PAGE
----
P5/P6 Composition – A Mishap

Recently, we worked on a composition about A Mishap. A mishap is an unlucky accident. I gave my students three pictures (as seen below). After planning and discussion, those who chose to write about the car accident, wrote it from the perspective of one of the drivers.

Some of the character we came up with were:

  • a perpetually late and stressed out Mr Tan,
  • a proud and stingy Mr David who had saved all his money to buy his brand new sports car, only to crash it on the first day of driving.
  • Mr Lim, who liked to have a few beers before leaving the office
  • Dad who had spent the whole night watching soccer on TV so he fell asleep for a few seconds behind the wheel

The model composition I have chosen is from my P6 2016 student who wrote about unexpected turbulence on a plane. We talked about how this can occur in real life. (Anyone remembers the SQ flight to Japan a few years back when passengers were injured due to unexpected turbulence?)

Take note of how she describes simple things such as boarding the plane and the plane taking off in detail. The sentences in bold have been added by me to add in more descriptions about the turbulence.

P5/P6 Composition picture

P5/P6 Composition - A Mishap



Electrifying. That was the word to describe the tension in the air. Squeezing May’s sweaty palm in mine, I pulled her to the last seats in the row, the least spacious ones. At least they would be more private, I thought to myself, shivering with excitement. It would be the best holiday ever! However, it was not just a holiday. It was an immersion trip to visit schools in China.

“Please fasten your seat belts. The plane will take off soon,” the pilot’s baritone voice boomed into the cockpit’s microphone.

Tugging at the black seat belt, I stuffed its shiny silver buckle into the seat belt fastener. I turned my head to face May, who beamed with pride, showing off her fastened seat belt. In a jiffy, the whirring of the plane’s monstrous engines could be heard over the incessant chatter of my classmates. The plane then lunged forward at breakneck speed, its wings catching the wind. My classmates let out a ‘Wow’ in unison as we felt the jerk of the plane that signified the plane finally taking off.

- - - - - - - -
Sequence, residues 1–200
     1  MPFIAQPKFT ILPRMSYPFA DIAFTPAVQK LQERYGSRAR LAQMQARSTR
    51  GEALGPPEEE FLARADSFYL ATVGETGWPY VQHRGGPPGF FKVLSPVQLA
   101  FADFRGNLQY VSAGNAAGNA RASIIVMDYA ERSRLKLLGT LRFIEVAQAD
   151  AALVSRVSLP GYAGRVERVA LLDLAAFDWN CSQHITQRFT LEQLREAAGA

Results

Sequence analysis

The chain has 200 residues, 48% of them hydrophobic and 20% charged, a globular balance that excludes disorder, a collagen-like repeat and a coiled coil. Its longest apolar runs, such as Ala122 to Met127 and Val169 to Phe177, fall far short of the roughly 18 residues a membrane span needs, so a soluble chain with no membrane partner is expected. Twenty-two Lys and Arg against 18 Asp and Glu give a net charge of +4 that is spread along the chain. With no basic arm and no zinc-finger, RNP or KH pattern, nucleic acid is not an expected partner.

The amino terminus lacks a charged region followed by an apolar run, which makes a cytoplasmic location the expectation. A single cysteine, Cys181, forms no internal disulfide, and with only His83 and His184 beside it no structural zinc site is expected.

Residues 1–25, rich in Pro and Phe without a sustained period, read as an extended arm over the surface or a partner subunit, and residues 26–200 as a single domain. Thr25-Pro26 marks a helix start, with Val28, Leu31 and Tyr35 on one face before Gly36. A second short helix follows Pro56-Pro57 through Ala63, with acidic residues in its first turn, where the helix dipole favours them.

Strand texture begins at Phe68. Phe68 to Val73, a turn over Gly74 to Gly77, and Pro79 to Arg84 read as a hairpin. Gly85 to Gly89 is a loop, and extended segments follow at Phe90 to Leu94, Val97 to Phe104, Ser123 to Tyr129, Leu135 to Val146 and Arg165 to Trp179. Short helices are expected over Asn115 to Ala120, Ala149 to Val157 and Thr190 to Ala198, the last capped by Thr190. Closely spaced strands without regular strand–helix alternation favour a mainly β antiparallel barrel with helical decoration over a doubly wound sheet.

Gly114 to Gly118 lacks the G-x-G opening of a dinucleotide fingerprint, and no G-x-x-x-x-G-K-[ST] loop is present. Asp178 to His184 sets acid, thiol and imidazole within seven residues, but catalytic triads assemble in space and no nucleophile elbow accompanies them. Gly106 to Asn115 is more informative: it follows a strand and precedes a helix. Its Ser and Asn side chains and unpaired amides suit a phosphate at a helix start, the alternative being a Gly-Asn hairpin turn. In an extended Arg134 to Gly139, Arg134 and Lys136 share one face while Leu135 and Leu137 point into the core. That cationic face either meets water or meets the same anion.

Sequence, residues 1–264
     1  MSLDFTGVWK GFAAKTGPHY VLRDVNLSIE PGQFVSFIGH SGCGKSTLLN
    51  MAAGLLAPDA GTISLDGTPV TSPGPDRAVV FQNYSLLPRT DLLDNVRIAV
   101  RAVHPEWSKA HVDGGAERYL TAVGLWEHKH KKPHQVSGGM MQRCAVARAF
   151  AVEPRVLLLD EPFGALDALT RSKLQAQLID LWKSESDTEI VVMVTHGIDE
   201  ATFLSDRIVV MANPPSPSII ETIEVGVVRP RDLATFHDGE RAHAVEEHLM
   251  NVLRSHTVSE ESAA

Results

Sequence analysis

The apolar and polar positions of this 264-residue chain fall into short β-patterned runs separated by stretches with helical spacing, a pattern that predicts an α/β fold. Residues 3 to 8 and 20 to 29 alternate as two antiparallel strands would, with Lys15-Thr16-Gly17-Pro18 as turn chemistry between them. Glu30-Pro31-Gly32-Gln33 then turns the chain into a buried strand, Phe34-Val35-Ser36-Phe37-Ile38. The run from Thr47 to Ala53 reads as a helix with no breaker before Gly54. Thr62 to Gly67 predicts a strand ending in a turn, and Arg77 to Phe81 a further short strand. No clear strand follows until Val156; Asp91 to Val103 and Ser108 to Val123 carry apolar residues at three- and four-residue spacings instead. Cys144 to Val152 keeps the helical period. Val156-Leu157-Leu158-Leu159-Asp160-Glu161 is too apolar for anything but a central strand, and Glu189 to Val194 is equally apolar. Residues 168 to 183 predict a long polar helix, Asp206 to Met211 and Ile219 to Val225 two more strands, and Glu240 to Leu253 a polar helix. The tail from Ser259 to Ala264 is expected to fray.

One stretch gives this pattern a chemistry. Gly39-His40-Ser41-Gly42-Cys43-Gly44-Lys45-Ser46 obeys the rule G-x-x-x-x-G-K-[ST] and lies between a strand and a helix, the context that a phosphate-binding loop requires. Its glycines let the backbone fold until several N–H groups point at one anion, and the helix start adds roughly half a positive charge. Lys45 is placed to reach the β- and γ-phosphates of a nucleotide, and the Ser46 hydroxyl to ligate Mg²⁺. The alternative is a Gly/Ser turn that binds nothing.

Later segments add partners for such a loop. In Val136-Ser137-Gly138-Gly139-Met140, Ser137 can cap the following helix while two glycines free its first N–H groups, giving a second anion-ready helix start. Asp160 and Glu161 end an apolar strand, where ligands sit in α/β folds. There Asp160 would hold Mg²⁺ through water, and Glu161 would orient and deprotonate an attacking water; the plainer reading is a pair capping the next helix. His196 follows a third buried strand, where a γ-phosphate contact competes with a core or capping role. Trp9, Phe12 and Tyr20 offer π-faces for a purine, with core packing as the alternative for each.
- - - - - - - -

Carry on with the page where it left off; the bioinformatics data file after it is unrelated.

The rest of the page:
I stared at the boats on the glistening blue ocean, slowly becoming tinier and tinier as the plane flew upwards gradually. Turning back to May, I spied her tugging at her seat belt, trying to remove it after the seat belt sign had been switched off.

“May, do not remove your seat belt, even though the seat belt sign is off. The seat belt has saved lives before!” I nagged her.

“Do you understand the word ‘Freedom’?” May replied, giving me an icy, cold glare.

Sighing, I rolled my eyeballs. The only thought that went through my mind was that May was such a stubborn girl.

Suddenly, I felt like I was on a death-defying roller coaster ride. My body plummeted as my heart remained in my mouth. I was jerked around violently but the seat belt pushed me back and kept me in place. Strangled screams and moans resonated throughout the plane and thumps could be heard. I heard a familiar ‘Urgh’ next to me and saw May in a sprawl on the hard floor of the plane. grimacing before she seemed to black out.

What had just happened? The pilot apologised for not being able to flash the seat belt sign on time. He had had no choice but dive down to avoid storm clouds. It was a split second plunge but the cabin was in chaos. Groans could be heard as some passengers who had removed their seat belts were injured.

I hoisted May’s limp body onto her seat. Reaching for her wrist, I checked to see if she was still breathing. Her hands were cold. Was she dead? The icy fingers of fear gripped and tightened its iron fist around me as a tear trickled forlornly down my cheek, before a heavy flow of tears poured from my bleary eyes. How would I tell her parents that she had died? The family would be devastated I though, sobbing to myself.

Then May’s eyes fluttered open. “What happened?” she muttered in a daze. She was alive! I hugged her like a vice, not willing to let go. “You hit your head and passed out. All because you did not leave your seat belt on!” I explained.

The air stewards and stewardesses went around checking on the passengers and giving them first aid as well as drinks and food. Soon, we landed safe and sound. The airplane ride was really a memorable one even though tears were shed. I was sure that May had learnt her lesson to always leave her seat belt on unless absolutely necessary when she is on a plane. I had also learnt my lesson- never to jump to conclusions.